Los Fantasmas (2020) **** Rotterdam International Film Festival 2020

January 26th, 2020
Author: Meredith Taylor

Dir: Sebastián Lojo | Guatemala / Argentina, 2020, 75′ | world premiere

Lojo brings a distinct retro look to his impressively filmic feature debut that follows Koki, a charismatic young man making a living as a petty criminal in the hilly backwaters of Guatemala City.

Under the glowering skies of this impoverished capital, Koki and his mates are forced into a nether world of  deceit and violence; the banal, repetitive realities of working class life adding a facade of normality to their grim existence. Grifting is a fact of life not just a lifestyle choice for these troubled individuals, it is a necessity. In crafting his antiheroes, Lojo is clearly influenced by Arturo Ripstein’s Bleak Street but this is a much darker less stylised affair that seethes with subdued discontent, the soulful female characters remaining firmly in the background, weak and undeveloped, merely there to serve their men.

Koki’s sultry afternoons give way to intense nighttime forays as he plies his trade, ducking and diving in bars and shady nightclubs. He befriends gringos (tourists) who are suddenly and suspiciously mugged. After dark, he seduces male strangers, leading them to an hotel room where they are robbed by his older associate Carlos (real life wrestler Carlos, El Punisher), a middle aged, senior member of staff at the hotel. Lojo often pictures Koki glaring straight into the camera, giving this cool urban thriller a complicit fourth wall. And like the figures in Edward Hopper paintings, there are others just like Koki; anonymous men who sit alone and morose in penumbral shadows, their intense gaze searing out of the semi-darkness, challenging our preconceptions about their motives with steely resignation. Away from the daily grind of his claustrophobic workplace, the white-shirted Carlos has another string to his bow, moonlighting as a wrestler, disguised under a thick mask of make-up. But retribution eventually catches up with Koki. And when the tables are turned, and when it does her finds himself pushed even further down the food chain, forced to witness the violent effects of his own actions from an almost disembodied perspective.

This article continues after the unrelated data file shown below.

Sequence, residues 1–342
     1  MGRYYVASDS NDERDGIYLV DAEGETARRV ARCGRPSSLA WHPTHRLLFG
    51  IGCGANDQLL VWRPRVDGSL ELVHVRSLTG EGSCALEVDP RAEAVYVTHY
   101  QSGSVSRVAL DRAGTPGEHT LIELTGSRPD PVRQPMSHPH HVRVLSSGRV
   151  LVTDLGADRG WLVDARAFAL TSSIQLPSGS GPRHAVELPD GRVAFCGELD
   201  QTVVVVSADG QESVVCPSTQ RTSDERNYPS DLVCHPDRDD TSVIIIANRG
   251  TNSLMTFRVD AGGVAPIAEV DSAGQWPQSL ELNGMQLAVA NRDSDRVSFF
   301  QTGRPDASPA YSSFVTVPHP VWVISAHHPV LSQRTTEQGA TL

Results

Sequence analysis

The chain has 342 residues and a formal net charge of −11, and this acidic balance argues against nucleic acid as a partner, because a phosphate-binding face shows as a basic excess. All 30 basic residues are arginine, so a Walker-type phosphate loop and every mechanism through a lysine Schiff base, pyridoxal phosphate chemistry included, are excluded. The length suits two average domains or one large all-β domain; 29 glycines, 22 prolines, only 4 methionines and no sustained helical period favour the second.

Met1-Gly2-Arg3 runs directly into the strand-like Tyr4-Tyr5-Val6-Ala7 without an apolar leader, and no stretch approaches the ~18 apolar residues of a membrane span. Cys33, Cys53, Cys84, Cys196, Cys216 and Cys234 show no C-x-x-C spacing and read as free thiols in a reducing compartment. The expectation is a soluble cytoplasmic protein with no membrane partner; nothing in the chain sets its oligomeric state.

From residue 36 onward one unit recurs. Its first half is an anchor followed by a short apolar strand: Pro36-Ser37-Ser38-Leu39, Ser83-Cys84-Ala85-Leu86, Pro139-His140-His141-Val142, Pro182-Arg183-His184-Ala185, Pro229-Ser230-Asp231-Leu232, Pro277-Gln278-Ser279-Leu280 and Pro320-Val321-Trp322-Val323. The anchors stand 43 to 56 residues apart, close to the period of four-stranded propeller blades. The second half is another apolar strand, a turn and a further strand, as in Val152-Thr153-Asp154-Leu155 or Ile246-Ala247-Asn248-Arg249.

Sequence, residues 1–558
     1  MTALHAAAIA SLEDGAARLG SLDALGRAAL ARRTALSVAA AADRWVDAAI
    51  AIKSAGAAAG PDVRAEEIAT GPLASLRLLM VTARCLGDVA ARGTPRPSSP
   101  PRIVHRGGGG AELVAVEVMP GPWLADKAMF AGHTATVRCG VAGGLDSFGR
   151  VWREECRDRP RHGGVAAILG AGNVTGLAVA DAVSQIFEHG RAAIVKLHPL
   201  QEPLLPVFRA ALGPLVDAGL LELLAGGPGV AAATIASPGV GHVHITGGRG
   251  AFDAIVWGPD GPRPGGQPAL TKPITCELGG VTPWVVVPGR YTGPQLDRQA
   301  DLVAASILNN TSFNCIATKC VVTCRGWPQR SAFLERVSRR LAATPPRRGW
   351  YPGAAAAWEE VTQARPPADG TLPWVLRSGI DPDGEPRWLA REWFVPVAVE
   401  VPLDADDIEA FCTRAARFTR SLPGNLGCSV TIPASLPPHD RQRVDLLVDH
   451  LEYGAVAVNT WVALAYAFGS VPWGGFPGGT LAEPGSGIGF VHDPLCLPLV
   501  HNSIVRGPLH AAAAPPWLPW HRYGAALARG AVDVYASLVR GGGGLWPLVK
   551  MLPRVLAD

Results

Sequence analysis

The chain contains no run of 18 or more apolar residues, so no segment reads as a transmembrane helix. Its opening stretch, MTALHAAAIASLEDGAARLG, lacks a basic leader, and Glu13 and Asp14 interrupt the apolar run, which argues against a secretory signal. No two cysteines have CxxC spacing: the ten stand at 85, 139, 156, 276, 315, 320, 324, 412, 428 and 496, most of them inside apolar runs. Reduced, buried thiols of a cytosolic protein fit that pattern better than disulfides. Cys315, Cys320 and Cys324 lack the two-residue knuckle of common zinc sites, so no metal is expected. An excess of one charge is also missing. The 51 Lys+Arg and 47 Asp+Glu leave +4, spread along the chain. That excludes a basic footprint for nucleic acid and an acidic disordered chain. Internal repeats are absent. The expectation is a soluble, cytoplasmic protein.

Lojo works makes great use of a minimal budget in a country without much infrastructure or film expertise creating a palpable snapshot of modern Guatamala with authentic settings and convincing local characters. This is a slim but captivating mood piece that keeps its distance throughout its modest running time. The ambiguous characters and minimal dialogue keeps the tension taut but strangely leave us alienated and unmoved. Los Fantasmas always remains a mystery, never really catching fire, sizzling in its night-bound neon aesthetic before fizzling out, its cypher-like antihero reaching a nebulous nadir.  MT


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